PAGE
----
The FCC is using a hybrid of licensed, unlicensed, and grandfathered-use rules to coordinate the band (PDF): An unlimited numbers of licenses will be granted, but every base station must be registered. In certain geographic areas, there will be limits for Fixed Satellite Service and “Federal Government stations” that will create some restrictions. Licenses will be granted for 10 years, work nationwide, and be freely assignable. This last part is important because there will obviously be some cost in obtaining a license, and even though an unlimited number of licenses will be granted, it’s easier when you sell or buy a company to have existing licenses be part of those deals. Licensing terms and filing information will be announced in the future.
Airspan Networks is launching a line of products aiming to be WiMax compliant, including a self-installable customer unit: The company is claiming that this is the first self-installable WiMax product. Because the CPE is based on Intel’s “Rosedale” chip, it will interoperate with any WiMax-certified base station. That’s an important capability because even though interoperability is one of the main reasons to create a standard, many vendors have said that their first generation of WiMax CPEs will only operate with their base stations.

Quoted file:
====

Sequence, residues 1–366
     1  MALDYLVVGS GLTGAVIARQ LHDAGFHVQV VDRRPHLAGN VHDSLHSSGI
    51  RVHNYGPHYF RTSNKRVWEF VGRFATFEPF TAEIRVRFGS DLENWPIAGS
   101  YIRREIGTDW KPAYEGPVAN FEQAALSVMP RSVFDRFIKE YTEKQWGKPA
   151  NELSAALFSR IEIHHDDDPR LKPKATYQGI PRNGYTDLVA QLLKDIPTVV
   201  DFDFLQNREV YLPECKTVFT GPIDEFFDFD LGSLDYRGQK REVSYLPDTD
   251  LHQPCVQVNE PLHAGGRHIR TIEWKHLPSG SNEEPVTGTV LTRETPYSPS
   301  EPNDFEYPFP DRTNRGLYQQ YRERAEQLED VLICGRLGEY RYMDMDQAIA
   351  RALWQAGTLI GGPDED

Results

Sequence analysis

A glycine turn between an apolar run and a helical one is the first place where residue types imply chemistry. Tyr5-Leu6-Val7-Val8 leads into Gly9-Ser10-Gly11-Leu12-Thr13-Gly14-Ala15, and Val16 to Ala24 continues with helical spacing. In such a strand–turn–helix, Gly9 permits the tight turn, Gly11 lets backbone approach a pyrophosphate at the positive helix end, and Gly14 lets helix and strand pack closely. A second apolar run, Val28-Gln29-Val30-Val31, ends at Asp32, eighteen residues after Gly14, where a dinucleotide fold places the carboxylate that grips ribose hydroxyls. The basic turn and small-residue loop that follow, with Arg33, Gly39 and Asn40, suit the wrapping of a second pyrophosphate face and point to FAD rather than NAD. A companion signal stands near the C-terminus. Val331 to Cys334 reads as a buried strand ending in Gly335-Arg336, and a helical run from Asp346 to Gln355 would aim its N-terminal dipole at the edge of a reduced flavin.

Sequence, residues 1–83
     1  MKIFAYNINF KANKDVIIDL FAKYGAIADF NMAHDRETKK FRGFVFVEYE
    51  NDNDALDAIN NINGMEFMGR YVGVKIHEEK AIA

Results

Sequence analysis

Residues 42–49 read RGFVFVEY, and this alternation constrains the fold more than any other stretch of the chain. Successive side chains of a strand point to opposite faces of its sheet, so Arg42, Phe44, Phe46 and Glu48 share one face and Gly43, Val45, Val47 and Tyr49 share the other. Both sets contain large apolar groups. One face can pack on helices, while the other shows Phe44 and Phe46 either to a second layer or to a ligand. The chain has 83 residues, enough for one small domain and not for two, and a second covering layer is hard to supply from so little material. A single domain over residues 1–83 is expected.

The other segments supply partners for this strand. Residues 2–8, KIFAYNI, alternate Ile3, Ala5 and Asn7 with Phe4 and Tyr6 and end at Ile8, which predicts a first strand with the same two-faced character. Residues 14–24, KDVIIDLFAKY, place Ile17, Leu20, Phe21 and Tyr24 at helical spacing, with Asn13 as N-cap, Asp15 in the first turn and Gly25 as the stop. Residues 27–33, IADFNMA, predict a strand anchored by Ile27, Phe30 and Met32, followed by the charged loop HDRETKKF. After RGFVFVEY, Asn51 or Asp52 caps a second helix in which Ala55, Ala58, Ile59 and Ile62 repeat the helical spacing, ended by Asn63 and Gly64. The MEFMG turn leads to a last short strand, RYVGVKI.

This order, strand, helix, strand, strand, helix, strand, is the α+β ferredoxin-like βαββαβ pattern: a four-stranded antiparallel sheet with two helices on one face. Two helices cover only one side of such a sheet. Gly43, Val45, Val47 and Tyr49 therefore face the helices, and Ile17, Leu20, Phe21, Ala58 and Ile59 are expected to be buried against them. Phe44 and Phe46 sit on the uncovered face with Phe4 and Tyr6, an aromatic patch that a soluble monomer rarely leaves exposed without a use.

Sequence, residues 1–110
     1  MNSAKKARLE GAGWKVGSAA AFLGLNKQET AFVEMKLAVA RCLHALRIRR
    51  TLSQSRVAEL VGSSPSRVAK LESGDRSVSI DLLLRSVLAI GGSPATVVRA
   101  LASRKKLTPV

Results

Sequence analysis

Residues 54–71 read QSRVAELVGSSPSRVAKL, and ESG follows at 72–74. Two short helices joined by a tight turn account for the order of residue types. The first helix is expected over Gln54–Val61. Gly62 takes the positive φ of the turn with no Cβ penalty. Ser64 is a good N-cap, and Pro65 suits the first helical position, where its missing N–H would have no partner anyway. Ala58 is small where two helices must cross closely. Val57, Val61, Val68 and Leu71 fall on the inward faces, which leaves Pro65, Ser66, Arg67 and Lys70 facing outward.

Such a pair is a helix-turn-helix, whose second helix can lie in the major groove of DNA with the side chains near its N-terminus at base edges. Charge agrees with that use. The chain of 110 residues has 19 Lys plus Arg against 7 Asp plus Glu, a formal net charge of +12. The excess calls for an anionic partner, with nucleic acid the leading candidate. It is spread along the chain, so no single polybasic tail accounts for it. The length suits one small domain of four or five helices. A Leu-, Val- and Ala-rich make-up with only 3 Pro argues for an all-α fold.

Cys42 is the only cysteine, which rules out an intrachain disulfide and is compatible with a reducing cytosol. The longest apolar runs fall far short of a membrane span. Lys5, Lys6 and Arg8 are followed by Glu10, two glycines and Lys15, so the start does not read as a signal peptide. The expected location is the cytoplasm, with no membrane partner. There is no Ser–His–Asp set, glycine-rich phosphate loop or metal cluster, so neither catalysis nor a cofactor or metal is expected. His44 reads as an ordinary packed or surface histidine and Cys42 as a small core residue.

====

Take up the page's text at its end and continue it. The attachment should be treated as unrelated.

The self-installable component is also quite important because the expense of truck rolls required to install customer equipment has historically been blamed for failures in developing broadband wireless markets.
Airspan also says that these base stations will be upgradeable to the future mobile WiMax standard. I’ve been hearing that from some other vendors but I’m a bit dubious. The 802.16e standard is so far from completion that I would find it difficult to be able to ensure forward compatibility. But I may have to eat my words in a couple of years.
Bentley College, a school in Massachusetts, lost all Internet connectivity on campus when a Level 3 router failed: Because the outage happened on a Saturday, Level 3 said it wouldn’t be able to fix the problem until Tuesday. But, the school had a contingency plan which enabled administrators to switch to TowerStream for connectivity by Saturday evening.